Submission deadline: February 15, 2016

I.S.E.B. invites academics, teachers, graduate students, researchers
and anyone who engages aspects of biography in their writing,
teaching, research, or other professional endeavors to submit
proposals for our annual conference. Previous papers have come from a
variety of disciplines including history, education, English,
religion, and many more. We encourage submissions from graduate

Possible topics include but are not limited to the following:
Collective biographies, Role of biography in the history of education,
biography and fiction, general biography, plot structures of
biographies, biographic criticism, publishing biographies, feminist
approaches to life writing, oral history, experimental approaches,
ethical issues, autobiographical research, narrative research,
methodology, and the use of biography in classroom instruction.

Proposal Information: The refereed conference invites individual
papers and panel discussions; other presentation formats are welcome.
Generally, the conference schedule allows 30 minutes for individual
papers (includes discussion time), and 60-75 minutes for panel
discussions and other kinds of presentations.

Proposals should be sent as attachments and include:
1) A title page which includes title, name of author(s), address,
telephone #, fax #, and e-mail.
2) A 250-350 word abstract describing the importance of the topic, the
approach taken & the need for any technology.
3) Please state any time and day that you cannot present.

Send proposals by surface mail, or e-mail attachment to:  [Place in
subject line: ISEB 2016 Proposal.]
Thalia Mulvihill, PhD Teachers College, Rm. 811
Tel: (765) 285-5463 Dept. of Educational Studies,
Fax: (765) 285-5461 Ball State University, Muncie, IN 47306
Hotel: Hotel: MENGER HOTEL 204 Alamo Plaza, San Antonio, TX;
800/345-9285. The Menger Hotel is an historic hotel located across the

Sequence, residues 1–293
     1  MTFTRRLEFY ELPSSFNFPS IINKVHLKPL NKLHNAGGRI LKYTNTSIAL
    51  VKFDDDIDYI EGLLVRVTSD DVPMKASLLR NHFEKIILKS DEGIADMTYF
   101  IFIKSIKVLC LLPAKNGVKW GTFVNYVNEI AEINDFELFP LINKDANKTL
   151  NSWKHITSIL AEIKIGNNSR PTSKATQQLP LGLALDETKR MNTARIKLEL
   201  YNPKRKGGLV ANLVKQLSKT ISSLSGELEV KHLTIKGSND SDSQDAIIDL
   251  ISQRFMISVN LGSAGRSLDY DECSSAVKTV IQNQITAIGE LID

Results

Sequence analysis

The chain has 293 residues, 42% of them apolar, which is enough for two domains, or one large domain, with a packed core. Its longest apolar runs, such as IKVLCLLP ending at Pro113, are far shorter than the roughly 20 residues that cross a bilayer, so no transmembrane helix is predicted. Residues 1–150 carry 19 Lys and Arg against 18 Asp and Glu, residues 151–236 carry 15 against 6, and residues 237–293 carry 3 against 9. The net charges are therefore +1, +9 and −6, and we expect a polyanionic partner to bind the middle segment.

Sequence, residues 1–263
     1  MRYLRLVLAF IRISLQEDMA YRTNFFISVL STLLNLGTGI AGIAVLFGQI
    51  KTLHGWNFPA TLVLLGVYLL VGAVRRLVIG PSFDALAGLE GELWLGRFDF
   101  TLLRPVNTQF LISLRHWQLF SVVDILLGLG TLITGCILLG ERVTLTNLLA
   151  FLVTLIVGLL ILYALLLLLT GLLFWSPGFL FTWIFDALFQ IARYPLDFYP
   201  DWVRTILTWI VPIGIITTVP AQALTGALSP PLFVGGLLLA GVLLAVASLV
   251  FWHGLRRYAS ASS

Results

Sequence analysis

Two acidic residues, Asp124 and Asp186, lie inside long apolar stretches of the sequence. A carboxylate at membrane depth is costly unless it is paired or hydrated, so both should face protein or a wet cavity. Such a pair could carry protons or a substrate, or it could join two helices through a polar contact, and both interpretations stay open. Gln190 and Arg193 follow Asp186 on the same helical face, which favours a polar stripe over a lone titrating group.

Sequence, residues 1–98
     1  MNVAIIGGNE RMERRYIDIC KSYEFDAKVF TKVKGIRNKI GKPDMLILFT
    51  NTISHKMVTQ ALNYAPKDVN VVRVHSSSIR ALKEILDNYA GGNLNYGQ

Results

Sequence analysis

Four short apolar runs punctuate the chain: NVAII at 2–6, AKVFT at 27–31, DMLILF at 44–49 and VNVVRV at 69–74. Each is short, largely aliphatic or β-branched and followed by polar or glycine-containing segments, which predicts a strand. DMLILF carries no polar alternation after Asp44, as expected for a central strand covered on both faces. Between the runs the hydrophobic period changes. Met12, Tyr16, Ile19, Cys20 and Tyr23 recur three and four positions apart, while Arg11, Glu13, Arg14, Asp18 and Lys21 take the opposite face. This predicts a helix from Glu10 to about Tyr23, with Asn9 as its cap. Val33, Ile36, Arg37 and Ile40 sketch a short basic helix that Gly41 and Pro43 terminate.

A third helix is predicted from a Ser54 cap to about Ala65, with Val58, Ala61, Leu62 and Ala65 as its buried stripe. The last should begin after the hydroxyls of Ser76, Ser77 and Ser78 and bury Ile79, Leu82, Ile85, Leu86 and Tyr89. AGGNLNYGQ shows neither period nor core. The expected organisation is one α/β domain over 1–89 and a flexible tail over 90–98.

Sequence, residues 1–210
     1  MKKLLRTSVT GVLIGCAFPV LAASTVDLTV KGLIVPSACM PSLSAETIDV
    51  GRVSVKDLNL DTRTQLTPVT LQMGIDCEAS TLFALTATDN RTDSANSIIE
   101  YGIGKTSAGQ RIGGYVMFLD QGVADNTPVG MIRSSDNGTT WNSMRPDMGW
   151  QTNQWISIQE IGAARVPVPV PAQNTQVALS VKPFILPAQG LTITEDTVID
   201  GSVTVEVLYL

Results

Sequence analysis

street from the Alamo and about a block from the River Walk.
The rate is $135 US single, double or triple.  Committed guest rooms
will only be held until Sunday March 13 so please reserve early.
Reservations received after the cut-off date will be accepted on the
basis of availability.  If more persons reserve early than are in the
guaranteed room block, the rooms could be taken prior to the cut-off
date. (Some rooms have been reserved for those who come early and for
those who plan to stay over the weekend).

ALL persons presenting papers MUST be current in ISEB dues. NOTE:
Conference Registration fee is a separate fee from membership dues.
Full Membership (all payments must be in U.S. funds) Dues: $85 US
(includes year subscription to ISEB’s journal, Vitae Scholasticae);
Conference Registration: $195 (U.S. funds) BEFORE March 15, 2016
(includes lunch), $215 (U.S. funds) AFTER March 16, 2016 (includes
Additional lunch for guests, friends, spouses: $45.00
Students: Dues & Conference Registration: $30.00 U.S.;
Subscription to Vitae: $40.00 (extra charge).
*Please complete the membership/conference form at Then, mail dues and registration
to:  Lora Helvie-Mason, PO Box T-0490 Tarleton State University,
Stephenville, Texas 76402; phone:  254.968.9498 Email:
Checks and money orders (in US funds) made to International Society
for Educational Biography.

Please send changes in contact information to Martha Tevis, Secretary:
You may also find all of this information and more on our website: